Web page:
New Report on Energy Industry Details Contributions and Lobbying Figures, Shows Industry Spent Nearly $3 Billion This Decade

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New Report on Energy Industry Details Contributions and Lobbying Figures, Shows Industry Spent Nearly $3 Billion This Decade

Spent $3.2 Million a Day Lobbying Congress Through First Quarter of 2010 Highlights Need for Fair Elections

WASHINGTON - Energy companies are pumping billions of dollars into the nation's
political system to help maintain US dependence on their products,
according to a new Common Cause report released today.

Since 2000, the energy industry, including oil and gas
companies, electric utilities, mining companies and waste management
firms, has contributed more than $337 million
to federal
candidates and party organizations, according to data from the Center
for Responsive Politics. Yet that number pales in comparison to what the
industry has spent lobbying Congress and the executive branch during
that same time: nearly $2.6 billion.  

"No one would invest that kind of money into our government and
politics without expecting something in return," said Common Cause
President Bob Edgar. "And
what the industry got for its money was lax Congressional and regulatory
oversight and a host of federal policies that benefit its bottom line.
But with oil coating the Gulf of Mexico, it has never been clearer that
the industry's profits are coming at the nation's cost."

The report, released Tuesday, pulls together official campaign
finance and lobbying disclosure reports to highlight big energy's major
role in federal elections, as well as policymaking and regulation of the
industry. It looks specifically at giving by the industry to the four
congressional committees with jurisdiction over energy issues: the
Senate Environment and Public Works Committee, Senate Energy and Natural
Resources Committee, the House Energy and Commerce Committee and the
House Natural Resources Committee.

Additional report findings revealed:

For every $1 spent on political campaigns, the energy
industry spends more than $7 on lobbying.
Since 2000, energy
companies have invested nearly $2.6 billion to lobby Congress and the
executive branch.

What does that mean on a daily basis? Consider this: Even
before the BP oil disaster occurred in April, the energy industry during
the first quarter of 2010 spent more than $3.2 million on lobbying for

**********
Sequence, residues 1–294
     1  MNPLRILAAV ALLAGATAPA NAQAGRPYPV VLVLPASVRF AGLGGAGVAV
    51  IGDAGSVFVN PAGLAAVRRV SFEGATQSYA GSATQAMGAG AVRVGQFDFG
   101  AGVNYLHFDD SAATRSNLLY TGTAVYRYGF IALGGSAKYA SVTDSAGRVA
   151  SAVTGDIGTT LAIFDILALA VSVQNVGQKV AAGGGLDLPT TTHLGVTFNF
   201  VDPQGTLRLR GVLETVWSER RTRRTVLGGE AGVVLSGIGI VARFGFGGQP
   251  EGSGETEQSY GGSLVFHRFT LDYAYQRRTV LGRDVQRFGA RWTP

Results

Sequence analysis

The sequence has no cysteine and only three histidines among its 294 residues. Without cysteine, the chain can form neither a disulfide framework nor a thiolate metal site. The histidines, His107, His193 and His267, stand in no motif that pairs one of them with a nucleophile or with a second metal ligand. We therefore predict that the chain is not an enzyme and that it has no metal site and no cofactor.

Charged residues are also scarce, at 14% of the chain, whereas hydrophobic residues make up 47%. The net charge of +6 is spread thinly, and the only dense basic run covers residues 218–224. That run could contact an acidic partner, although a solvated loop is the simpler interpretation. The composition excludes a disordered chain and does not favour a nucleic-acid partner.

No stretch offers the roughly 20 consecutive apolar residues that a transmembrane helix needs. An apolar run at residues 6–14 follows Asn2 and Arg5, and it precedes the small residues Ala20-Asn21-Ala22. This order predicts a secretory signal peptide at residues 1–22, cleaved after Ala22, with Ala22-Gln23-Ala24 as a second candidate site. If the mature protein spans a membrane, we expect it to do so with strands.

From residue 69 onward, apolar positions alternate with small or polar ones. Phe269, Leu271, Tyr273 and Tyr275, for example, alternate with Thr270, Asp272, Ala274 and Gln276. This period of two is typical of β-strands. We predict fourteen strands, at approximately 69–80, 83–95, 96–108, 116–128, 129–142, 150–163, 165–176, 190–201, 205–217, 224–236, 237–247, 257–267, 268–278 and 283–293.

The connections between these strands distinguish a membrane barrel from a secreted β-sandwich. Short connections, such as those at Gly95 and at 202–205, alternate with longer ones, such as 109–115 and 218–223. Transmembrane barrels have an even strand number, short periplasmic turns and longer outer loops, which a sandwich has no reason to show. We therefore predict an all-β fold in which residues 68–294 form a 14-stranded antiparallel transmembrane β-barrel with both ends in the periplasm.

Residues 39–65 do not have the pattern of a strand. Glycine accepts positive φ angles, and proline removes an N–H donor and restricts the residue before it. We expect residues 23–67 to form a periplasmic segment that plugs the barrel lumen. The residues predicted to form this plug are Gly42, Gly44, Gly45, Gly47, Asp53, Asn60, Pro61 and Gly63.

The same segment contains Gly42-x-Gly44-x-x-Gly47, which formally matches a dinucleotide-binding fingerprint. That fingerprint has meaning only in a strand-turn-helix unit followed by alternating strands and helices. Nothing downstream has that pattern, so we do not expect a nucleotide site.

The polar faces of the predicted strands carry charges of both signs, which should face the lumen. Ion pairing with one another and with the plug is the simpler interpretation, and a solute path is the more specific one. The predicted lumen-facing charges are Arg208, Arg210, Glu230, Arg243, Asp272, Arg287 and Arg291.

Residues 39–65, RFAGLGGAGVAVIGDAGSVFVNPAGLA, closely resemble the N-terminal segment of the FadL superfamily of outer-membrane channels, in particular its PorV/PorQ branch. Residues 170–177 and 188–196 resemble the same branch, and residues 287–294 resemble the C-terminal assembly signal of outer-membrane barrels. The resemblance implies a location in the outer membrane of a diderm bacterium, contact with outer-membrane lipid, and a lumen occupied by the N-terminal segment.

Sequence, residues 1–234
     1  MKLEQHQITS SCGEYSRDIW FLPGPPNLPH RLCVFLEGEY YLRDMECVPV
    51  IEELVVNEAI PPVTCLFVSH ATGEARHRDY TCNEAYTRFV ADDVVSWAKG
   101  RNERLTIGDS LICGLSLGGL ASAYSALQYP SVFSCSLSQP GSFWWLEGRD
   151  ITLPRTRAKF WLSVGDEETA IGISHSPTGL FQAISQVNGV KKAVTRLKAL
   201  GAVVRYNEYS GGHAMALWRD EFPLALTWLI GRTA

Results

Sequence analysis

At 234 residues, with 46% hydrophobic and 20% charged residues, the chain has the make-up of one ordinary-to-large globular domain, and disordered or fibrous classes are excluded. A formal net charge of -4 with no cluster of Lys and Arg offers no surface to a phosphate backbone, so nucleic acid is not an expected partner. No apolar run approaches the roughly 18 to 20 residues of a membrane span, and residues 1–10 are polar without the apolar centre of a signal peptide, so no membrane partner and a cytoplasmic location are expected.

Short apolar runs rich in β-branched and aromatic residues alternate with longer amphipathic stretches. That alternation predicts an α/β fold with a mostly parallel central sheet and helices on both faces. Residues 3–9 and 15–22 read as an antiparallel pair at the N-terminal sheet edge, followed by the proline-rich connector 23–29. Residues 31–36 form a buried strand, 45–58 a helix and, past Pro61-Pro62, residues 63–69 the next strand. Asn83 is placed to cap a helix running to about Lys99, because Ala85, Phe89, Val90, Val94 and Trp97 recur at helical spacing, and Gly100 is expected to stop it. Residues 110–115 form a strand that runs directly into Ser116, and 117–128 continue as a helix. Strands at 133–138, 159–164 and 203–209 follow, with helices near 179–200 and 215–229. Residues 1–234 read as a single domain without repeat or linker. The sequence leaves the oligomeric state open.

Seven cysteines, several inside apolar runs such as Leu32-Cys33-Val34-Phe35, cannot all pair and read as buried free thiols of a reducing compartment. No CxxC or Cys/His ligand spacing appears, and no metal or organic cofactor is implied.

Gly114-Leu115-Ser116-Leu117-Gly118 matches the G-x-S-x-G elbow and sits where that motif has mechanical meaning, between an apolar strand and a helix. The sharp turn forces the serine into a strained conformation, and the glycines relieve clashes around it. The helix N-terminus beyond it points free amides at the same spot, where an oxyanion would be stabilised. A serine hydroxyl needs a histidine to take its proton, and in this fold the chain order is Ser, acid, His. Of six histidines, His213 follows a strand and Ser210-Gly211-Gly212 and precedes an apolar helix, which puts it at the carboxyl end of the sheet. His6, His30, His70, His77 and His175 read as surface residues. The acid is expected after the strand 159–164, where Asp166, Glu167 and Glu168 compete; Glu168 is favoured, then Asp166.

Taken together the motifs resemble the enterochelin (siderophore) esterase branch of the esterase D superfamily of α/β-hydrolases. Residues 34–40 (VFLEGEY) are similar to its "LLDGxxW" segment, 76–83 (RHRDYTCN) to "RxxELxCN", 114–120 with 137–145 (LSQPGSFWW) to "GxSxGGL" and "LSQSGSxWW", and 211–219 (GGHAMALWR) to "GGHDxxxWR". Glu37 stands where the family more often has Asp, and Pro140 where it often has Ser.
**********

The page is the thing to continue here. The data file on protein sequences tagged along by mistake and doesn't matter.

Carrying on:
each day that Congress was in session. That's more than $244,000 spent
per Member of Congress.  
Among major industries, only health
care interests have spent more.

Employees of and groups tied to BP, the company at the center
of the Deepwater Horizon disaster,
have donated more than $3
million to congressional election campaigns since 2000.

Oil and gas companies are the energy industry's most
aggressive donors.
They've contributed more than $154 million
to federal candidates since 2000, about 46 percent of big energy's total
donations. Electric utilities have donated more than $104 million and
mining interests just over $30 million.

The energy industry has aggressively hired former
congressional staff and other insiders to lobby.
More than 300
lobbyists now working for oil and gas interests have past connections to
federal agencies or Congress.

"The nation's need for clean, renewable energy becomes clearer every
day," said Edgar. "But energy companies and other special interests use
their campaign contributions and lobbying clout to dominate debate in
Washington and block sensible regulations. We can start to change that
with passage of the Fair Elections Now Act, legislation that will let
candidates and officeholders end their dependence on big, corporate
contributions and rely instead on small donations from individual,
in-state givers. Then, elected officials would be beholden to
constituents, not their big donors."

Click here to view the full "Legislating Under the Influence"
report.

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Common Cause is a nonpartisan, nonprofit advocacy organization founded in 1970 by John Gardner as a vehicle for citizens to make their voices heard in the political process and to hold their elected leaders accountable to the public interest.

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